2018 Tablas Creek Vineyard, Tannat, Adelaida District, Paso Robles.
The beautifully dark and blue fruited Tablas Creek 2018 Tannat is Tablas Creek’s seventeenth bottling of this traditional Basque grape from South-West France and one of the best I’ve tried with deep layers and fresh details from this remarkable vintage that gave beautiful fruit concentration, lively acidity and heightened aromatics, making this wine exceptionally delicious. With a reputation of being a rough and tumble grape, Tablas’ version is impeccably charming, while retaining the firm, Cabernet like, framework and varietal markers that make Tannat what it is, it shows a fine balance of fruit and savory elements with blackberry, blueberry and tangy wild plum leading the way on the full bodied palate along with hints of dried lilacs, Turkish fig, dusty spices, anise and cedar notes. Built to survive a few decades, the Tablas Tannat is drinking fabulous in its youth, adding a bit of mineral, saline, bitter coco and menthol, all of which brings memories of some of my favorite Iroulèguy wines, like those of Domaine Ilarria, imported by Charles Neal Selections. The Tannat grapes were 100% de-stemmed and fermented using native yeasts. As Tablas notes, as they have for many years, they blended in a tiny of Cabernet Sauvignon, making the final wine a 97% Tannat and 3% Cabernet blend. It then aged it in one large foudre and a mix of new and older smaller French oak barrels for close to 24 months before bottling, after which it was rested in the bottle for more than 6 months prior to its release. Tablas Creek, known for bringing those Chateauneuf du Pape grapes over, also brought Tannat cuttings, and we are all the better for it.

Tannat, originally from the southwest of France, is mainly found near the French Pyrénées and French Basque country and is a powerful dark skinned varietal that has found a welcoming home here in California, as well as in Uruguay, where it is celebrated as their national grape. The wine made from Tannat is notable for its very high tannin levels and is often blended with Cabernet Sauvignon, Malbec and Cabernet Franc and found most notably in the Madiran AOC, though almost quite famously Tannat is also produced in Irouléguy, and it can also be used as a minor grape in the mostly Malbec wines of Cahors. Tannat known for its earthy rustic character and fiery tannins and is best served with robust cuisine choices, while the French versions remain a bit chewy and full of grip, the grape here in California has largely been tamed from giving a harsh performance, while still being dense, meaty and structured, making it very compelling on its own, but also great in blends. Interesting, the grape has brought out innovation in winemaking techniques, as witnessed back in 1990, when Madiran winemaker Patrick Ducournau experimented with adding controlled amounts of oxygen aeration into Tannat while fermenting it, to achieve softer results, and ended up developing the modern winemaking process of micro-oxygenation! Those that love the modern versions of Paso red blends will now find many contain small portions of Tannat, and they are the better for it, and this almost solo effort is a great way to discover this grape, though as mentioned I’d be sure to have a hearty meal with it, in particular a rack of lamb, wild mushroom dishes and or hard sheep’s cheese.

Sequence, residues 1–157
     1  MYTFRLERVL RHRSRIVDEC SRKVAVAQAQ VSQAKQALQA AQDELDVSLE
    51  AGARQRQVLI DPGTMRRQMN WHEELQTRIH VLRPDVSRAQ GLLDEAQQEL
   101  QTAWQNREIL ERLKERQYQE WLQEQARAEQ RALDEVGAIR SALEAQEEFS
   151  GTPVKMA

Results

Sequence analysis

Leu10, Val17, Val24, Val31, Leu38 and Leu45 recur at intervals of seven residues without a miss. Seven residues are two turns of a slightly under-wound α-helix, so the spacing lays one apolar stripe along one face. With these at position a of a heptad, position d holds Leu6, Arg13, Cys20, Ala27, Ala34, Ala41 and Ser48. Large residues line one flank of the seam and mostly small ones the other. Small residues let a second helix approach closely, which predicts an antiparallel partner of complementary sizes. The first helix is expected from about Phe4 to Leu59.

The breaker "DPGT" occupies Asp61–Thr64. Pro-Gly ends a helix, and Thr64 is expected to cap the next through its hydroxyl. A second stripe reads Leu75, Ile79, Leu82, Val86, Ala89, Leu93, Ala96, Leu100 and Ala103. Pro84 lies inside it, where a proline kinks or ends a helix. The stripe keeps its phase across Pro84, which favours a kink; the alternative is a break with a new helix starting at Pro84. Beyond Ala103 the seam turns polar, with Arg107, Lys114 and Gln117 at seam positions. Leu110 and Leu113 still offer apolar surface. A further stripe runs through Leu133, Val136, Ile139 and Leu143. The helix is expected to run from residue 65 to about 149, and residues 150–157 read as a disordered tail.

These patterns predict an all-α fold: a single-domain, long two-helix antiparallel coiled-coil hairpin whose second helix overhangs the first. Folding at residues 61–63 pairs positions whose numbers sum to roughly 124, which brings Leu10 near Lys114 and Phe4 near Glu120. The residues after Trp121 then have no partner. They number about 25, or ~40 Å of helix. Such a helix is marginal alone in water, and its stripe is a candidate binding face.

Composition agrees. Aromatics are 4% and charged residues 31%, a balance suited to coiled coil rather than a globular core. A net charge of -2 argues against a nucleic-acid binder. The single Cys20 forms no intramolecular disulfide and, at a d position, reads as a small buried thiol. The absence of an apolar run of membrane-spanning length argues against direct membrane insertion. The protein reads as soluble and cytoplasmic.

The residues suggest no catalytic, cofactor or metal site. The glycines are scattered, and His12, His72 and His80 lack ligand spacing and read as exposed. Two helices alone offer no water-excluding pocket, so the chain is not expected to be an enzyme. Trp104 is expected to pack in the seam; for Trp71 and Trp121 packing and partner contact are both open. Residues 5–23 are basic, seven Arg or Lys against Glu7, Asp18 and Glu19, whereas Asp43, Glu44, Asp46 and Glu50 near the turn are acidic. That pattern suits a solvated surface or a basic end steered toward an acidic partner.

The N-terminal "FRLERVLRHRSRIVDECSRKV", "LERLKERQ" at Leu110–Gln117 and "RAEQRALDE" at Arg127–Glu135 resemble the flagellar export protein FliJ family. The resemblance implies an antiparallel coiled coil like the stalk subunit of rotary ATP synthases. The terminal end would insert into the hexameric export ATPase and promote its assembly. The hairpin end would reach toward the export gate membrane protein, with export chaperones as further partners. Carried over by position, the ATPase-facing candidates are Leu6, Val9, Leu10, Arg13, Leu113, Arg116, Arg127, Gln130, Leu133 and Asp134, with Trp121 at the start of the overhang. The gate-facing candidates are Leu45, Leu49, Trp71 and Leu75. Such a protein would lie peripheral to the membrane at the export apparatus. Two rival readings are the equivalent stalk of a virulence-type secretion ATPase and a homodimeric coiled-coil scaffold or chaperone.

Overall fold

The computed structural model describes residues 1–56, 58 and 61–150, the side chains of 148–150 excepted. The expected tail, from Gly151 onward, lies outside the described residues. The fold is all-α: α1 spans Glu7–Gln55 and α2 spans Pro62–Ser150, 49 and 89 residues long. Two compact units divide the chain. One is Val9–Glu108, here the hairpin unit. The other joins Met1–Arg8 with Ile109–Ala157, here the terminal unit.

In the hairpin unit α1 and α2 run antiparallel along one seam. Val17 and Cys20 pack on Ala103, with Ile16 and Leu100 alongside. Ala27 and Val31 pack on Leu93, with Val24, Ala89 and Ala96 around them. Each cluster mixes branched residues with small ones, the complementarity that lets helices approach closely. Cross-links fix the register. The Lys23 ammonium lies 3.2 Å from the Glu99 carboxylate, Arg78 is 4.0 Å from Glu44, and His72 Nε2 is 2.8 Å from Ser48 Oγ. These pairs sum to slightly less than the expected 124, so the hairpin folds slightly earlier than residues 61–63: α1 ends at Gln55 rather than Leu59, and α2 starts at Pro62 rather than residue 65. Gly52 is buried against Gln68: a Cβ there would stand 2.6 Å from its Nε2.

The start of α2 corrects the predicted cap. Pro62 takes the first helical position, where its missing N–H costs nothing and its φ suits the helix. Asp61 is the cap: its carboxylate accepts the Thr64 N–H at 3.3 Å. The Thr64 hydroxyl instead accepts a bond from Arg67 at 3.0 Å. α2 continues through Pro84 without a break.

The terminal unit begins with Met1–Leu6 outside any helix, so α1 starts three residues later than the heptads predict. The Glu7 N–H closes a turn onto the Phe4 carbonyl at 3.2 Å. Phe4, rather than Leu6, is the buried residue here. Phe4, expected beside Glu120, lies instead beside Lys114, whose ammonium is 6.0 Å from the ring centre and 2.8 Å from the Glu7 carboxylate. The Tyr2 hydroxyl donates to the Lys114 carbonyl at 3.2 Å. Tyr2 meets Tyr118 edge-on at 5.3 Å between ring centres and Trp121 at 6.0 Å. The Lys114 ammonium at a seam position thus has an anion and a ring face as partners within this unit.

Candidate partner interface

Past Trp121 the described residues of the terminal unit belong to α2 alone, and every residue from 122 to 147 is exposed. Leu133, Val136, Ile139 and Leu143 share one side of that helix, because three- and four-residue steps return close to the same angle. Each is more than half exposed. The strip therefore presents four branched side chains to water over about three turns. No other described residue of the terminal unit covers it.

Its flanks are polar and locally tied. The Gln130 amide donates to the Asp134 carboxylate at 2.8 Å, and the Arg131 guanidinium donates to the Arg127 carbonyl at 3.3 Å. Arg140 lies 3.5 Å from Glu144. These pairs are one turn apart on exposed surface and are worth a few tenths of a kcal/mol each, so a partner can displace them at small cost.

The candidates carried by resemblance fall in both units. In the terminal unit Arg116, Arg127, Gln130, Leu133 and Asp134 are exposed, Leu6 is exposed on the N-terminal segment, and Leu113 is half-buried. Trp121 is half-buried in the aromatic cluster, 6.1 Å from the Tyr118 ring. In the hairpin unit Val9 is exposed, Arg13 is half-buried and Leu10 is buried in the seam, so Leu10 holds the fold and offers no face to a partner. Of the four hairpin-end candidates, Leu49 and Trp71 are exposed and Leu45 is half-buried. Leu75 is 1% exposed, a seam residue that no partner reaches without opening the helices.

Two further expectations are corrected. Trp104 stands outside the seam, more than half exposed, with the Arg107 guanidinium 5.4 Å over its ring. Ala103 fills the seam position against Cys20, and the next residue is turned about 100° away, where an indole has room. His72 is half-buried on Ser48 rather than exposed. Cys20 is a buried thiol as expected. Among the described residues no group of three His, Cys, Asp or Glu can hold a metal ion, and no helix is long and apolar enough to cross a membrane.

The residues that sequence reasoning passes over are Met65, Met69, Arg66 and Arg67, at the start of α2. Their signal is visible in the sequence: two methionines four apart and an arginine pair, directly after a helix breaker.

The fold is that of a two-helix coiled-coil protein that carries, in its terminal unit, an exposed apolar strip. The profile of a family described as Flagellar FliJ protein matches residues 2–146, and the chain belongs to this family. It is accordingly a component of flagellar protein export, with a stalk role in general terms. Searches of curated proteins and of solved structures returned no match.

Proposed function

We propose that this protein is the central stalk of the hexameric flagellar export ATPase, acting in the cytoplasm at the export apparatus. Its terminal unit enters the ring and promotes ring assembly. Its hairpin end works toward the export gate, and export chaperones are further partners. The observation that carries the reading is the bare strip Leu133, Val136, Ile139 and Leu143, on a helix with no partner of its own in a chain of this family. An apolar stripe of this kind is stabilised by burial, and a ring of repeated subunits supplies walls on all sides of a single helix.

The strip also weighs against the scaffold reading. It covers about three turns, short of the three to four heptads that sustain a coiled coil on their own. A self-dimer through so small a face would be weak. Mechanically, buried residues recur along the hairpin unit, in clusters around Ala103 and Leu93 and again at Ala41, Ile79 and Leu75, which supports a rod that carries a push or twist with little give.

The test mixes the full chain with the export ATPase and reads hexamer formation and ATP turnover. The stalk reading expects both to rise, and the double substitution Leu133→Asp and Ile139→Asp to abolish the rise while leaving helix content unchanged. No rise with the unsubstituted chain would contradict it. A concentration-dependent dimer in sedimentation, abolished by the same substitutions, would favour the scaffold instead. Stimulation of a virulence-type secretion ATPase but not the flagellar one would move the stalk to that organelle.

($40 Est.) 92 Points, grapelive

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